More than a quarter of UK adults without access to the internet have confessed that it was the cost of either owning a computer or the connection that is stopping them going online.
In an extensive MORI poll conducted by telecommunications watchdog Ofcom into the takeup of internet, one in five adults who did not have a connection were expecting to be online within six months.
However, 43 per cent of people insisted that even given a free computer and connection they would not want the internet (because that gift horse's mouth isn't pretty) and 30 per cent were concerned about cost and their ability to make use of a connection.
Cost and skills
Of those 30 per cent, more than half stated that cost of the connection was stopping them getting online, with another 27 per cent stating that it was the cost of a computer that was holding them back.
Another interesting group were those who did not want the internet, with Ofcom explaining they tended to be older, with seven in ten (68%) over 65 years old and retired (71%). The vast majority did not use the internet (95%) and seven in ten (70%) had never used a computer.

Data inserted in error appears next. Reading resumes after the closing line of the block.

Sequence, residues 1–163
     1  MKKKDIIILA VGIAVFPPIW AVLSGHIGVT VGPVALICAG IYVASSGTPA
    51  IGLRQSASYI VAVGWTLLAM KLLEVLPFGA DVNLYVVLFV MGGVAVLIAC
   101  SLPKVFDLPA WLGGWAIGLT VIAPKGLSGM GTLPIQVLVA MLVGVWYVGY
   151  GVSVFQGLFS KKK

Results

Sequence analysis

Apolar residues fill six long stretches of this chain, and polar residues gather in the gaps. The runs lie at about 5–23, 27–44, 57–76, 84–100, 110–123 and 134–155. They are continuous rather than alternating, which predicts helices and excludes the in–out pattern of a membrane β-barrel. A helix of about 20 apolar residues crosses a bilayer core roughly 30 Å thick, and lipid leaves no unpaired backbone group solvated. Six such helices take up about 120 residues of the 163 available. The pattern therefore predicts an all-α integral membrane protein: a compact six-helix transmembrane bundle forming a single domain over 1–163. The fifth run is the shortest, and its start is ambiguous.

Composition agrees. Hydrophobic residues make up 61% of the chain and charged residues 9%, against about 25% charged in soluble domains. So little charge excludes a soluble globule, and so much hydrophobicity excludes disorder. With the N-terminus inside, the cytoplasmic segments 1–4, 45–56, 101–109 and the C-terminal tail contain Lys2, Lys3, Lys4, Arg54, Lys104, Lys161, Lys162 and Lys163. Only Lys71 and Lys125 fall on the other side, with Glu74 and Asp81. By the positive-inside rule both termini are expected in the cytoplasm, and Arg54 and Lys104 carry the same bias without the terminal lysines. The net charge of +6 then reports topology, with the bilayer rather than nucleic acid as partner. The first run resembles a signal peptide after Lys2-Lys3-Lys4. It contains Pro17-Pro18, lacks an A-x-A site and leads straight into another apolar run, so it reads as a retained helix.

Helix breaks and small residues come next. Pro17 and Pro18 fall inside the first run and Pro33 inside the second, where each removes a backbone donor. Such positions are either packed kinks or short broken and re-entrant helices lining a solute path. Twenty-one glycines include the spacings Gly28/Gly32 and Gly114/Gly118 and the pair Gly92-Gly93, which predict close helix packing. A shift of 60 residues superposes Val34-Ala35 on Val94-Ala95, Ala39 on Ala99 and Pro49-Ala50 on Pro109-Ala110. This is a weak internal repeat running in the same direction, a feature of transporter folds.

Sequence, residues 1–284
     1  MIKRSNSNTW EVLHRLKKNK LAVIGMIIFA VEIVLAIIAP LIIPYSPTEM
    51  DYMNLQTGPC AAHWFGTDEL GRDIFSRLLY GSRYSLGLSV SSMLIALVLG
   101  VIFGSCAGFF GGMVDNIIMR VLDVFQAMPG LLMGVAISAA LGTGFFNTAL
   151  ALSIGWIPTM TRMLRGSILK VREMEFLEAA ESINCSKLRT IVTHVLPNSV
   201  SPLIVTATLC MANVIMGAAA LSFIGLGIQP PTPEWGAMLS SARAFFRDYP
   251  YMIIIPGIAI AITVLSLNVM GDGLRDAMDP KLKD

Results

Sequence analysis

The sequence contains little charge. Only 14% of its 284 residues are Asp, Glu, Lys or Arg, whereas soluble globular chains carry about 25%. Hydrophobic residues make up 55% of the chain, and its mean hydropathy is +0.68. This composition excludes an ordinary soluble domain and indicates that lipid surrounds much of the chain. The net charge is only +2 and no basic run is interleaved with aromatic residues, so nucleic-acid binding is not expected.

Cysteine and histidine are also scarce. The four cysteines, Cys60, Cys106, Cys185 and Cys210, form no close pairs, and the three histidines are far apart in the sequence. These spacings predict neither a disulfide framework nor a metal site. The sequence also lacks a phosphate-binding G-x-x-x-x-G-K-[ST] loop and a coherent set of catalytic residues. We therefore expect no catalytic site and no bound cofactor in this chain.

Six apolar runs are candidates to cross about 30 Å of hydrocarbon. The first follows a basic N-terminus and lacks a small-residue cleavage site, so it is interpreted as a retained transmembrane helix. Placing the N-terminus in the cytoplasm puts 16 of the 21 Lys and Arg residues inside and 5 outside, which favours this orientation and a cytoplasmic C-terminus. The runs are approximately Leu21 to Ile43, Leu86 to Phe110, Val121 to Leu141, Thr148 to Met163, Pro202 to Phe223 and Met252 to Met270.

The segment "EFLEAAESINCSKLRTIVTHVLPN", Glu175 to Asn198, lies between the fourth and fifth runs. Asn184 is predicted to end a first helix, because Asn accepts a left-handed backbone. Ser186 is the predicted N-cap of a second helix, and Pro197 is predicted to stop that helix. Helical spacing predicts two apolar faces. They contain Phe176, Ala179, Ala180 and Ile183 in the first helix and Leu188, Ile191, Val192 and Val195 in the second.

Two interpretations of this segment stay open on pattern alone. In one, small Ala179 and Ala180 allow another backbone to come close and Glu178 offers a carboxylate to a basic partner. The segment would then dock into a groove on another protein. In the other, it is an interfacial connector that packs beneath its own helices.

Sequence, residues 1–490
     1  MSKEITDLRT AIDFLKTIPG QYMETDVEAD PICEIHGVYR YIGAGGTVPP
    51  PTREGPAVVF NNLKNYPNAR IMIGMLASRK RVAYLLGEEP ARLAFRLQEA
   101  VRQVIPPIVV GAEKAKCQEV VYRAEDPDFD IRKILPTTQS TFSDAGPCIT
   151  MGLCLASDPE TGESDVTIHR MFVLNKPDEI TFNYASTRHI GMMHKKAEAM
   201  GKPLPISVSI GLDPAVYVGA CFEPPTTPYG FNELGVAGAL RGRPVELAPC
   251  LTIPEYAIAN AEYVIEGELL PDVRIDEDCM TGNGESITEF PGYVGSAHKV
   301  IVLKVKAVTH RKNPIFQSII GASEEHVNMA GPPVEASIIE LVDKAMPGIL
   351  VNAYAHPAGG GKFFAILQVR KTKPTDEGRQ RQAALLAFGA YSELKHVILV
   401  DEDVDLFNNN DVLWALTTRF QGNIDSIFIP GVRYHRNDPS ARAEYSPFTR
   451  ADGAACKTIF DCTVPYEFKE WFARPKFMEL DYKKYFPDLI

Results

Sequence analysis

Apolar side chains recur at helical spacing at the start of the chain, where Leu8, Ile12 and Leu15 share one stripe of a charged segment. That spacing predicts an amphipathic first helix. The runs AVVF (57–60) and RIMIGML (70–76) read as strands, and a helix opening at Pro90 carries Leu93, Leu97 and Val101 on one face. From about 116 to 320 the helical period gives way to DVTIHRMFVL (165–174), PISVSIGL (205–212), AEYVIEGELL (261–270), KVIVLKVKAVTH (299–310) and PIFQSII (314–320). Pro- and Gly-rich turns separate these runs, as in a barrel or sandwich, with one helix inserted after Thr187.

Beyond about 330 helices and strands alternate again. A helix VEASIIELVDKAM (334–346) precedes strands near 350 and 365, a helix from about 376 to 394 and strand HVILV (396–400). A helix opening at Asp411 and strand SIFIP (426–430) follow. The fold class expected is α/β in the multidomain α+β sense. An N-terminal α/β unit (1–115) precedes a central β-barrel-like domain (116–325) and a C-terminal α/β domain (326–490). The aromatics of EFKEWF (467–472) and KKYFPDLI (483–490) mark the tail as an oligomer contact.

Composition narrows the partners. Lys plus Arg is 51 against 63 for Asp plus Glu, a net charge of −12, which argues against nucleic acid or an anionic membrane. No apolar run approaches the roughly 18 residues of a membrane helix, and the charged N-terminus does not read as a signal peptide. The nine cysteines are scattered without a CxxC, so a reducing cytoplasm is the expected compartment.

"…they tended to share a sense of indifference. Many struggled to come up with any reasons why they should have the internet at home.
"The qualitative research found that there was a range of reasons underlying this lack of interest. Some resisted it, saying it was not for people their age; some said they preferred face-to-face, telephone and written communications and felt the internet did not fit in with their lifestyle; and some were simply not interested in the internet because they did not find its functions appealing."
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